All eyes — safely — on upcoming solar eclipse

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Ron Thompson of Southern Maine Astronomers, left, Diana Currier of the Windham Public Library, and event attendees Lucille Woodis, Florence Moreau, Henry Florman and Sonja Florman try out their special eclipse glasses. 

WINDHAM — Several recent events at the Windham Public Library have centered on fun in the sun as people across the country get ready for a solar eclipse on Monday, Aug. 21.

In preparation for the celestial event where the moon passes between the sun and Earth and will completely cover the sun from view, the library held two talks with a member of the Southern Maine Astronomers to provide information on the science behind the eclipse and how people can safely view it.

According to NASA, the “path of totality” where people will see a total eclipse will be in a narrow window from Oregon to South Carolina. Other locations across the country such as Maine will only see a partial eclipse.

“Even a partial eclipse is fun to experience,” said Ron Thompson, director and treasurer of the Southern Maine Astronomers.

Thompson gave two eclipse presentations on Monday, Aug. 7, that were organized by Diana Currier,  the library Children’s Room coordinator.

Several factors all have to converge in order to make a complete solar eclipse possible, Thompson said, including that it has to be a new moon and the moon needs to be at its closest point to Earth in its orbit, among others.

“That’s the key – they have to be perfectly aligned,” he said.

While Maine won’t be treated to a full eclipse,  a roughly 58 percent partial eclipse that will peak between 2:30 and 3 p.m. depending on location will be visible. In the Portland area, the entire span of the eclipse in various stages is expected to last from about 1:30 to 4 p.m.

Through his presentation, Thompson emphasized the danger of looking directly at the sun without proper protective equipment for the eyes.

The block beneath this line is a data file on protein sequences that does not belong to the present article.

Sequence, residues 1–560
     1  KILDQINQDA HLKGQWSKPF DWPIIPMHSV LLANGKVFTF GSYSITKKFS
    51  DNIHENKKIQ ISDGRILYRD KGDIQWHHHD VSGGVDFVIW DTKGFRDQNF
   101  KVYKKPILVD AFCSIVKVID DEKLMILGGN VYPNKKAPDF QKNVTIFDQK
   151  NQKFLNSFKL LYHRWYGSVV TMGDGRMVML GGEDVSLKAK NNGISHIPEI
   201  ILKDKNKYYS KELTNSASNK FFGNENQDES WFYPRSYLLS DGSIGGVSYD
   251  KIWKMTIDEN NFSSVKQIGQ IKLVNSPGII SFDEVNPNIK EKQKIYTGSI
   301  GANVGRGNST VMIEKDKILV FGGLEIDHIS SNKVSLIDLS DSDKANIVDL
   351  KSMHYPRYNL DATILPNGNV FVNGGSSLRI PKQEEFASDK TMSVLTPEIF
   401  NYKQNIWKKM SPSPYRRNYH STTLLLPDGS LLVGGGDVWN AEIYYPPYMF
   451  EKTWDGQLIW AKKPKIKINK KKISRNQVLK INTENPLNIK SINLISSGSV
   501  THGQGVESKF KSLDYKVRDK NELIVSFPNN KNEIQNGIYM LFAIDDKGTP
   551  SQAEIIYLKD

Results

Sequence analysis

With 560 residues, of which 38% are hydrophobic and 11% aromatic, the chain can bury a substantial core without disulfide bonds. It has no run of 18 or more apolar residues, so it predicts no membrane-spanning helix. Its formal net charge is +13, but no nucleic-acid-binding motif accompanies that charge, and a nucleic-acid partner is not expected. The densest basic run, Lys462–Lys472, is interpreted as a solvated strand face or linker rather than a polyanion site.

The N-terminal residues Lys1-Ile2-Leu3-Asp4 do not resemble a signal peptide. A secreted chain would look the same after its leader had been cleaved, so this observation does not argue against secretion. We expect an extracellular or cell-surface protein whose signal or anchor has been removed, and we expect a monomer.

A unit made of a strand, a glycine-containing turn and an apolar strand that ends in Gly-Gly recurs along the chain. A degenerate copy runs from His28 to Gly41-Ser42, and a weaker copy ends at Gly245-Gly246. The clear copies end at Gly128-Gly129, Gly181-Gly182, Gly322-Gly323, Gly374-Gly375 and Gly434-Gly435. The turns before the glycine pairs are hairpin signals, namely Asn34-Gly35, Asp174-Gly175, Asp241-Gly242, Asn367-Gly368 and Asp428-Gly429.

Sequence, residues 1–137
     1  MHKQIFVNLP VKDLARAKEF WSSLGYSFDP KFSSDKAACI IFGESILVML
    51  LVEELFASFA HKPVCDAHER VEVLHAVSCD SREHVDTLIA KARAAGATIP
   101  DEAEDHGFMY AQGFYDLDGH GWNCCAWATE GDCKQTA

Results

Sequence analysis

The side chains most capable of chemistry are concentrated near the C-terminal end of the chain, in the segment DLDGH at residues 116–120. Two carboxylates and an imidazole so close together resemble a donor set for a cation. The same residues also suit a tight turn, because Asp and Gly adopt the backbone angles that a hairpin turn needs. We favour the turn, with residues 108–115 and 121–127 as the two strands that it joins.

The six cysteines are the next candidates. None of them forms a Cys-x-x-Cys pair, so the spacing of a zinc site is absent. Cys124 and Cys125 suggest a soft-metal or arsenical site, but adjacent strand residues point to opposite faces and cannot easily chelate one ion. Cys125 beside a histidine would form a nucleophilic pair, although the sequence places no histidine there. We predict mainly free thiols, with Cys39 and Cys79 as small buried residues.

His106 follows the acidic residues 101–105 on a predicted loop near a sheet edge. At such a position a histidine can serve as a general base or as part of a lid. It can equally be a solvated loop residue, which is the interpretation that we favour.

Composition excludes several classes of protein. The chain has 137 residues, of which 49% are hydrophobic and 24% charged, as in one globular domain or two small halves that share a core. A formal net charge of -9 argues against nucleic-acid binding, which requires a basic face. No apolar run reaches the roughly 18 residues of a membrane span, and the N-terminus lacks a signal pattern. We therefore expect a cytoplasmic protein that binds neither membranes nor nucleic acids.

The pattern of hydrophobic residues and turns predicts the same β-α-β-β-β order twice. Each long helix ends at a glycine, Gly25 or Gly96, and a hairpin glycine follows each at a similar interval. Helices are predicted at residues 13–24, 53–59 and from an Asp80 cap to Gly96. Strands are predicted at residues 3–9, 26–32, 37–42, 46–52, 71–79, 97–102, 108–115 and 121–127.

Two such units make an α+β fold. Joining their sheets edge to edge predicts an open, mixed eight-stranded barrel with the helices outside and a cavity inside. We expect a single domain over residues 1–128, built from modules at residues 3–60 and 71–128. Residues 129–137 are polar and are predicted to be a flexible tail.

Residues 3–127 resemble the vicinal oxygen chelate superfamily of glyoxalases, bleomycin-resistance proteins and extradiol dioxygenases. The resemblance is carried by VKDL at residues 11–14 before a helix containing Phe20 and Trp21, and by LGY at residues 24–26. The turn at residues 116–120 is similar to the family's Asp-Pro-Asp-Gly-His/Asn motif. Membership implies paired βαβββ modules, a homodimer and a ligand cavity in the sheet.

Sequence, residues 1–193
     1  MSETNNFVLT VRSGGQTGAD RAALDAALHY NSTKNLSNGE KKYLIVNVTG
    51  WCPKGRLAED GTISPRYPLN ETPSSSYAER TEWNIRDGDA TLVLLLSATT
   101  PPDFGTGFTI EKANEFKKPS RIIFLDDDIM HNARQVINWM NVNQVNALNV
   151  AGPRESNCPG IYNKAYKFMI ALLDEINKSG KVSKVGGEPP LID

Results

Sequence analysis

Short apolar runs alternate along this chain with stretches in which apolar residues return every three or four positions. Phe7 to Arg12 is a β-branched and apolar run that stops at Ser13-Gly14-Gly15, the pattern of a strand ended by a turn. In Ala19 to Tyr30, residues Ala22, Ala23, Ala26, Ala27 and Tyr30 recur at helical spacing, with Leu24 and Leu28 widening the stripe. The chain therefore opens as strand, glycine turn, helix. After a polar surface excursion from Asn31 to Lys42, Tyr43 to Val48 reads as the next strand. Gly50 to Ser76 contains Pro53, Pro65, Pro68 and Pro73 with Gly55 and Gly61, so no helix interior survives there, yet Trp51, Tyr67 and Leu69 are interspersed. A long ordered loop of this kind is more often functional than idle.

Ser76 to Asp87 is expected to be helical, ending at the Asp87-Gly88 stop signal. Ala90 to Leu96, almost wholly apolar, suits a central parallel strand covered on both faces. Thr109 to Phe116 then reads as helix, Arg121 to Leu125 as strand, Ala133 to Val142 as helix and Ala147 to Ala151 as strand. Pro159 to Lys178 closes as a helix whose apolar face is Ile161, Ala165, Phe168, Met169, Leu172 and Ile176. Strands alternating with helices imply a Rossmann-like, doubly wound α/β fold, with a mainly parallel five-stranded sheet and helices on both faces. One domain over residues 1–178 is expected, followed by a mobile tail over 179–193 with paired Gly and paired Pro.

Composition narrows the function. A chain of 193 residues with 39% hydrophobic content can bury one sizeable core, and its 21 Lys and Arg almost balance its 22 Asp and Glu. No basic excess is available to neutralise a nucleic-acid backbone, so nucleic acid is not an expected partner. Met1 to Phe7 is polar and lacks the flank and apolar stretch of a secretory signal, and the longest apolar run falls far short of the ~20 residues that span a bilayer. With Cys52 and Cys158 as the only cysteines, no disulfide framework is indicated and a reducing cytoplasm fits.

“Believe me that the sun is nothing to mess with,” Thompson said.

Focusing on the sun without specially designed eye-wear, he said, can cause permanent eye damage whether or not an eclipse is taking place. He advised eclipse gazers to not aim cameras or telescopes at the sun without a filter (ever), and to only use specific eyewear when viewing an eclipse.

“If it doesn’t say ‘safe for direct solar viewing,’ please don’t use it,” he said.

Currier said that the library received numerous pairs of solar viewing glasses with help from the Science‐Technology Activities and Resources Library Education Network, also known as START Net. Those who attended the events with Thompson received glasses to take home.

Thompson said that parental supervision is particularly important for children using the glasses, and that anyone wearing them should face away from the sun before putting them on and taking them off, and should hold them in place with their hands so that they glasses do not blow away in any wind.

Thompson, who lives in Yarmouth and is a retired telecommunications professional and Air National Guard member, said that his interest in astronomy started in 1957 “trying to find Sputnik.”

“I just love sharing this stuff with people,” he said.

Thompson said that he will be giving several similar talks leading up to the eclipse, including one in Cape Elizabeth on Saturday, Aug. 19. He will attend a watch party at L.L. Bean in Freeport on the day of the eclipse.

Currier said the the library will have it’s own watch party on Aug. 21 and the eclipse will be livestreamed for people to watch from inside the library. The library event will also emphasize safe viewing practices for anyone who decides to use proper equipment and view the eclipse outside.

Two of the attendees at one of the Aug. 7 events with Thompson were Florence Moreau and Lucille Woodis, both of Windham, who are planning a road trip down to South Carolina to see the total eclipse.

“We never know whether we’d see another one,” said Moreau, pointing out that she’s 78.

Thompson, who said he saw a total solar eclipse in 1970 and that it was “just fantastic,” advised anyone seeing the full event to forget about taking pictures and enjoy the moment.

“When the total eclipse happens, just drop everything and enjoy it,”  he said.

Matt Junker can be reached at 781-3661 ext. 123 or mjunker@theforecaster.net. Follow him on Twitter: @MattJunker.

Ron Thompson of Southern Maine Astronomers, left, Diana Currier of the Windham Public Library, and event attendees Lucille Woodis, Florence Moreau, Henry Florman and Sonja Florman try out their special eclipse glasses.

Henry Florman of Windham looks at the sun through a solar telescope at an event held at the Windham Public Library ahead of the Aug. 21 eclipse.

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